Mahabharata Parva 61: The Sainya Nirnaya Parva

Mahabharata Parvas - Sainya Nirnaya - Featured Image - Picture of a rising phoenix

The Mahabharata is a collection of hundred Parvas (or ‘sections’) that tell the story of a long-standing family feud between two sets of cousins – the Kauravas and the Pandavas – for control of the Kuru throne in Hastinapur.

The climactic event of the story is an eighteen-day war that happens between the two factions on the battlefield of Kurukshetra.

It is commonly understood that the Pandavas are the protagonists of this tale and the Kauravas the antagonists – though many retellings have appeared over the years that flip this structure.

In this post, we will summarize the Sainya Nirnaya Parva.

(For a full summary of the Mahabharata with all hundred Parvas, see Mahabharata Summary: All 100 Parvas Explained.)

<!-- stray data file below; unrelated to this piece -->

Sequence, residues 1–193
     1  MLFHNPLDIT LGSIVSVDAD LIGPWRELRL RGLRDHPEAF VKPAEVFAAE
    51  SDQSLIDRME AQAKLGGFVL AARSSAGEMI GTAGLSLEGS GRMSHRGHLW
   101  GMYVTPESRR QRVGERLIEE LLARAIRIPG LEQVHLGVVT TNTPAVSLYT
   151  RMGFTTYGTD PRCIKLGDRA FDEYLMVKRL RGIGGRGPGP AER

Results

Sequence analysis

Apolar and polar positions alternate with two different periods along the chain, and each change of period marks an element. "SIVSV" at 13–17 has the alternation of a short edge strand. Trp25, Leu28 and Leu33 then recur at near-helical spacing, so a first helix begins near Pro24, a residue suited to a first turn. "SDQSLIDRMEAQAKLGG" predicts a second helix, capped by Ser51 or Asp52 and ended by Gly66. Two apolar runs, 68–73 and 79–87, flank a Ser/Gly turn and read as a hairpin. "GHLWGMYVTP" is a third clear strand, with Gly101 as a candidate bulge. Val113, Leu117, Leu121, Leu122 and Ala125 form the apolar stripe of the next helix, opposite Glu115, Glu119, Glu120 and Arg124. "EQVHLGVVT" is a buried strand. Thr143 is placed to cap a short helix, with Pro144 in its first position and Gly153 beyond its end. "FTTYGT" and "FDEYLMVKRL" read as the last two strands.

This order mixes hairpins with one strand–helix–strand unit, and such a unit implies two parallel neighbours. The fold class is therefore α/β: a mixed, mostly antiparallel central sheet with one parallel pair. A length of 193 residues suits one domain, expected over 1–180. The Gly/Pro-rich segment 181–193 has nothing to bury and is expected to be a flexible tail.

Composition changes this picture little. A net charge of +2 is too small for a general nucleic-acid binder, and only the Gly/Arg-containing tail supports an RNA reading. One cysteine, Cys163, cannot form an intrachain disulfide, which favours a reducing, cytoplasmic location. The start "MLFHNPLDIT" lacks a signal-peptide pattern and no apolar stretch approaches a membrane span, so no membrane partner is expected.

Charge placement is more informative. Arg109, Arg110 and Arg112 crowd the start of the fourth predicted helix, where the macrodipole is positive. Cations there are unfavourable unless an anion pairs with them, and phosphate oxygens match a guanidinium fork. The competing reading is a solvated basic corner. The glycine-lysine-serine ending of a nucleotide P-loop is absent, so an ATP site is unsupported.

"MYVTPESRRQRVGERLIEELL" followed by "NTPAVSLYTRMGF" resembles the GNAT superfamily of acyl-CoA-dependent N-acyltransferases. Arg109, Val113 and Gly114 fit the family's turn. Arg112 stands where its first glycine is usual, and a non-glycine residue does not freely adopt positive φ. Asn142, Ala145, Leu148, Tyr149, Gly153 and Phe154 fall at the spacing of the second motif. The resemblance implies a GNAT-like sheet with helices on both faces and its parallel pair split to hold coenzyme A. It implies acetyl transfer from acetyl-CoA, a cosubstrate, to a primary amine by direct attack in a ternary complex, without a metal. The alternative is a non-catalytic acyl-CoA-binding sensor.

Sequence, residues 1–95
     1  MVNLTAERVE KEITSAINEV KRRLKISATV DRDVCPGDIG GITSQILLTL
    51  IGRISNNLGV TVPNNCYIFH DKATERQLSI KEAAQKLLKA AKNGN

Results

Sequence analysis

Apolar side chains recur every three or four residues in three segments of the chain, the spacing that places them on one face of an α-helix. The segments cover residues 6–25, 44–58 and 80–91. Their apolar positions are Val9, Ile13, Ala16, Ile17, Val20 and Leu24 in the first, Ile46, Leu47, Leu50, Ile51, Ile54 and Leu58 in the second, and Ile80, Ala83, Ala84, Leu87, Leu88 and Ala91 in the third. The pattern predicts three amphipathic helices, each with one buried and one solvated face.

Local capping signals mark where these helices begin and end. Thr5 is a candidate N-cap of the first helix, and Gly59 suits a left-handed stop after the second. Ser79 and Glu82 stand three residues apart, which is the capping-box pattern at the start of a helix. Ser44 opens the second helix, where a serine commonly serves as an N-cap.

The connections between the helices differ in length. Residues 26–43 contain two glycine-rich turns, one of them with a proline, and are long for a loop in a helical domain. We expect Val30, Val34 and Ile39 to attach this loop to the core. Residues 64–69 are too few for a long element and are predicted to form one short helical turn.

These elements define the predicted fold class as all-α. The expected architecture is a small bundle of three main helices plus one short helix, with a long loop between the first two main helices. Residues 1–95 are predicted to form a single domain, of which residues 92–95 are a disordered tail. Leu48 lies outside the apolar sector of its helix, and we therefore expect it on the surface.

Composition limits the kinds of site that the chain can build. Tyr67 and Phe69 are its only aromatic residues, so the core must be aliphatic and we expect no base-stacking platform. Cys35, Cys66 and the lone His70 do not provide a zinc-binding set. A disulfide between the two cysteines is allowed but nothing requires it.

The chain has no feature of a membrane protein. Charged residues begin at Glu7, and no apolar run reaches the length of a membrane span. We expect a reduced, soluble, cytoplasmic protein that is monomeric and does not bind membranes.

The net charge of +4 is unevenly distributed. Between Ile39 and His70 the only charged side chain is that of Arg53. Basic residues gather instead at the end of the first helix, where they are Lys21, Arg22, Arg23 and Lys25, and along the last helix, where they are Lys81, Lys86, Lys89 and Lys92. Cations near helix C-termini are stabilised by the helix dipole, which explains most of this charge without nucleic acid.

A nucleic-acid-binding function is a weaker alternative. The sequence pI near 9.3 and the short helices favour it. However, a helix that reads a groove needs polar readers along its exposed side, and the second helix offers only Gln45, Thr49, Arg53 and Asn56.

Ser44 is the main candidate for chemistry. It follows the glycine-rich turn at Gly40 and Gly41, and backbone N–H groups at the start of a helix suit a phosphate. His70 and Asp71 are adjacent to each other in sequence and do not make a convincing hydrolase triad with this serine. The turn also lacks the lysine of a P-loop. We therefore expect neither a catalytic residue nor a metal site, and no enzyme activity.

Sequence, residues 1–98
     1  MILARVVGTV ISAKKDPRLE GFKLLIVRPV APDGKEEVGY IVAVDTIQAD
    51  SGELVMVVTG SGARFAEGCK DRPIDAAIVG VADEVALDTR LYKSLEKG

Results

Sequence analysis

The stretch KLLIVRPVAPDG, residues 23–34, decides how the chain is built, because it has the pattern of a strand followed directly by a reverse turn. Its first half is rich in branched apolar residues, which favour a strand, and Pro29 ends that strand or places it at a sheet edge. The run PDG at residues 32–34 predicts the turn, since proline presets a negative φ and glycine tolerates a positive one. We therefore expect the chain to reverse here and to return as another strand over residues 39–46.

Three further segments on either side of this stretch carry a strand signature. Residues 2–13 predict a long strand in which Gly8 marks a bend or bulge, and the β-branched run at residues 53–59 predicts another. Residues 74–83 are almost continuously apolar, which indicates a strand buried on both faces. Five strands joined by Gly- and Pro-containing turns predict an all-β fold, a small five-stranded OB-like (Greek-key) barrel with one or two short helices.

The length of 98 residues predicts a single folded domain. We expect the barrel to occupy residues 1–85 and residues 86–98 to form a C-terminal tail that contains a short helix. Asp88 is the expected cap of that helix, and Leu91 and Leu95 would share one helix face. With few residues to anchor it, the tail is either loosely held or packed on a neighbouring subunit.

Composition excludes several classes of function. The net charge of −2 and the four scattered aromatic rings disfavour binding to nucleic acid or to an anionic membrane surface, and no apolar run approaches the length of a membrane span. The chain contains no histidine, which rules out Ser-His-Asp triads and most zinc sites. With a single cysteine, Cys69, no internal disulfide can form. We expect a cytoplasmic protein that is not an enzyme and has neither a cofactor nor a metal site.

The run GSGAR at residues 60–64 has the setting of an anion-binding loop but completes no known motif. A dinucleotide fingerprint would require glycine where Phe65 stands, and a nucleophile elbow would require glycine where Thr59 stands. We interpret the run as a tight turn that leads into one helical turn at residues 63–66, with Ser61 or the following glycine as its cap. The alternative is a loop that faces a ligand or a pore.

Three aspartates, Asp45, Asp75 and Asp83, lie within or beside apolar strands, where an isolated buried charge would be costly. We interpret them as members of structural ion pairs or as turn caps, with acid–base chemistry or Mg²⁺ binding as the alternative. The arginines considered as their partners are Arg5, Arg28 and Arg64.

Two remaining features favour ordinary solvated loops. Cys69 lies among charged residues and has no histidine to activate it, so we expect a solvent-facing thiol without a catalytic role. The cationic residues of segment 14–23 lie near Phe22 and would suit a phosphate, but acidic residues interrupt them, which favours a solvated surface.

Choosing a Commander

Krishna returns to Upaplavya and gives Yudhishthir a report of his trip to Hastinapur. Yudhishthir immediately gets down to the matter of choosing a commander for his army.

‘The seven akshauhinis are each led by the following warriors,’ says Yudhishthir. ‘They are Drupada, Virata, Dhrishtadyumna, Shikhandi, Satyaki, Chekitana, and Bhimasena.

‘Now tell us, Sahadeva, who among these, in your opinion, should be made leader of the seven so that he will be able to withstand the might of Bhishma and become a worthy commander for your forces.’

Sahadava replies, ‘The mighty king of the Matsyas, Virata, who is endued with great might, is conversant with virtue, is skilled in weapons, and is irresistible in battle, will be a worthy leader for our army, Brother.

‘Without his good grace, we would not have had passed the dangerous fourteenth year of exile without being discovered. So it will be a suitable show of our gratitude for him if we make him the commander.’